Can cars from the 1990s and early 2000s already be classic cars? You bet they can.
There’s a certain school of thought that only cars with plenty of chrome, bad heaters, no air conditioning and no mod cons can be properly called classics.
But surely some cars are modern classics as soon as they roll off the production line – does anyone doubt that, one day, the Jaguar F-Type will get the nostalgic juices flowing in the same way the E-Type does now?
With prices of classics from the 1990s on the rise, we asked our friends at Modern Classics to pick out 10 of the best modern classic buys.
With beautiful styling, a 370bhp V8 and an interior that just begs to be sat in, the XKR should already be more expensive than it already is.
But this super-GT is available for less than £10,000 (more for the best, though) – an absolute bargain for what you get.
But finding a really superb example is getting difficult, so prices are already firming up.
Yet we foresee a strong future for the XKR, driven up by Jaguar’s new car renaissance.
There are loads of specialists, and wonderful clubs to help. Why haven’t you bought yours?
2017 target price: £12,000; 2022 price: £20,000
The Alfa Romeo 147 and 156 GTA cars have been ramping up in price over the past year, fed by rarity and that glorious 3.2-litre Busso V6.
For some reason the GT, which shares that engine, has been left somewhat behind.
But it won’t be for long – like the GTAs, the V6 GT is already a rare sight on UK roads.
Add in beautiful Bertone looks, that rasping V6, the chromed inlet manifolds and sumptuous leather seats and you’ve got a car on the cusp of ultra desirability.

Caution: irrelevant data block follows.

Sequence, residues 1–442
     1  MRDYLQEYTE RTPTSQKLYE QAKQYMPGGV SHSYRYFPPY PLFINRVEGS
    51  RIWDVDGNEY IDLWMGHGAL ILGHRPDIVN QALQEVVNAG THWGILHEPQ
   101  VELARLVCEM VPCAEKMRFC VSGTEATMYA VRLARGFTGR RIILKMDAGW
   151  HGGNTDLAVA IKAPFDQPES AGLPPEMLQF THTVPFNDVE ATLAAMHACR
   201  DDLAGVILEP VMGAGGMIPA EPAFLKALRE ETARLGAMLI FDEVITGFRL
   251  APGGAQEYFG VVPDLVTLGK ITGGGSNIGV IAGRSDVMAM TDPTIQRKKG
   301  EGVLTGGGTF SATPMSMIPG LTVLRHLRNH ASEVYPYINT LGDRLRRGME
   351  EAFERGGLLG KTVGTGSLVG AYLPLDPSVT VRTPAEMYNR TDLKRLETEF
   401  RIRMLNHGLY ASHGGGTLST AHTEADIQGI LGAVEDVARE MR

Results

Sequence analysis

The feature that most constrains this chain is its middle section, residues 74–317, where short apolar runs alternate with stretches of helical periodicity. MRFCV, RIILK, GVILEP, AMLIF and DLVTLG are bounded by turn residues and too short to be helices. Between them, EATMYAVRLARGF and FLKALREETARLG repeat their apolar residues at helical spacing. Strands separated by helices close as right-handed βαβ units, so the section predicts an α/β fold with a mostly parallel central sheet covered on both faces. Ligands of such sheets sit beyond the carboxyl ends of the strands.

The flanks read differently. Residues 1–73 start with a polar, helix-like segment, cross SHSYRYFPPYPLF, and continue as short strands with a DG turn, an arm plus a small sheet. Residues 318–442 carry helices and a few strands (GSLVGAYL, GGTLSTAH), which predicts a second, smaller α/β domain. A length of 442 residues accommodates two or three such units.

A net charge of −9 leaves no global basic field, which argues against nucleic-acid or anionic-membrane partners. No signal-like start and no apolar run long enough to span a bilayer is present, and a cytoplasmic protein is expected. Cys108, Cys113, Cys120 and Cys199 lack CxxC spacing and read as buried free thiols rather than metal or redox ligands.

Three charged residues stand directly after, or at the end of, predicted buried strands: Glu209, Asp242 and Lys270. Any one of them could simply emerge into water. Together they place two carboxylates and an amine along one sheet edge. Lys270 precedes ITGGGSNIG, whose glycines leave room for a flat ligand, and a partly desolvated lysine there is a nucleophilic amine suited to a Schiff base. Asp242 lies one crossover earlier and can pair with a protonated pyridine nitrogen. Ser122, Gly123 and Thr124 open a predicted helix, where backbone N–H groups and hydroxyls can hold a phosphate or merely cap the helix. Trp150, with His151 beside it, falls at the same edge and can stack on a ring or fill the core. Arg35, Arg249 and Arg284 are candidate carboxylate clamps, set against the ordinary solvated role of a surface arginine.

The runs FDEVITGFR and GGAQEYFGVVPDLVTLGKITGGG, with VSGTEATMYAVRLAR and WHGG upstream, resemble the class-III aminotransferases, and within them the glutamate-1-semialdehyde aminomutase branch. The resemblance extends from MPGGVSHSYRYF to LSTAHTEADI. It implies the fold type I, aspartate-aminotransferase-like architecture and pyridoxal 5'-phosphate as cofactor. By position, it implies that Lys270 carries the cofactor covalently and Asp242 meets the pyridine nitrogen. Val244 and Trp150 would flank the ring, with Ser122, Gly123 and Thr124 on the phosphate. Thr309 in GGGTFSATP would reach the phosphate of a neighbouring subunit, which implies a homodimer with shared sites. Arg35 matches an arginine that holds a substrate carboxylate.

2017 target price: £8,000; 2022 price: £14,000.
We’ve already seen how the 205 GTI has shocked the classic car elite after a mint one sold for £30,000 last year.
The 306 GTi-6 has some way to go before that happens, but with so few low-mileage, unmodified examples left, we see that gap closing sooner than you might imagine.
With communicative steering, incisive turn-in and plenty of grip this is an absolute B-road hero, and it’s much better built than a 205.
It’s also lovely to look at, too. Prices for these are on the floor right now, but it won’t take long for that situation to change.
2017 target price: £3,000; 2022 price: £8,000.
Think four-wheel drive, turbocharged, rally history and Escort Cosworths, and you’re looking at £20,000 to £50,000.
But the Impreza will leave it standing, and in competition form actually won the WRC.
Simply put, the Subaru Impreza is more than overdue a renaissance and with prices unlikely to get lower, now’s the time to invest.
Nineties nostalgia is coming into its own, and who can’t remember Colin McRae winning the RAC Rally in 1994 and the drivers’ title a year later? That feelgood feeling will see mint, unmodified early examples start to follow the same rise in values as the Escort Cossie.
2017 target price: £5,000; 2022 price: £10,000.
Yes, the Vanquish is already expensive, especially when you consider the other cars in this list.
But think of where Ferrari 550 and 575s are now – the Vanquish should be pushing them too.
There’s precedent, of course – all Astons increase in value eventually – but this one is currently the cheapest it will ever be, especially for one with a starring James Bond role.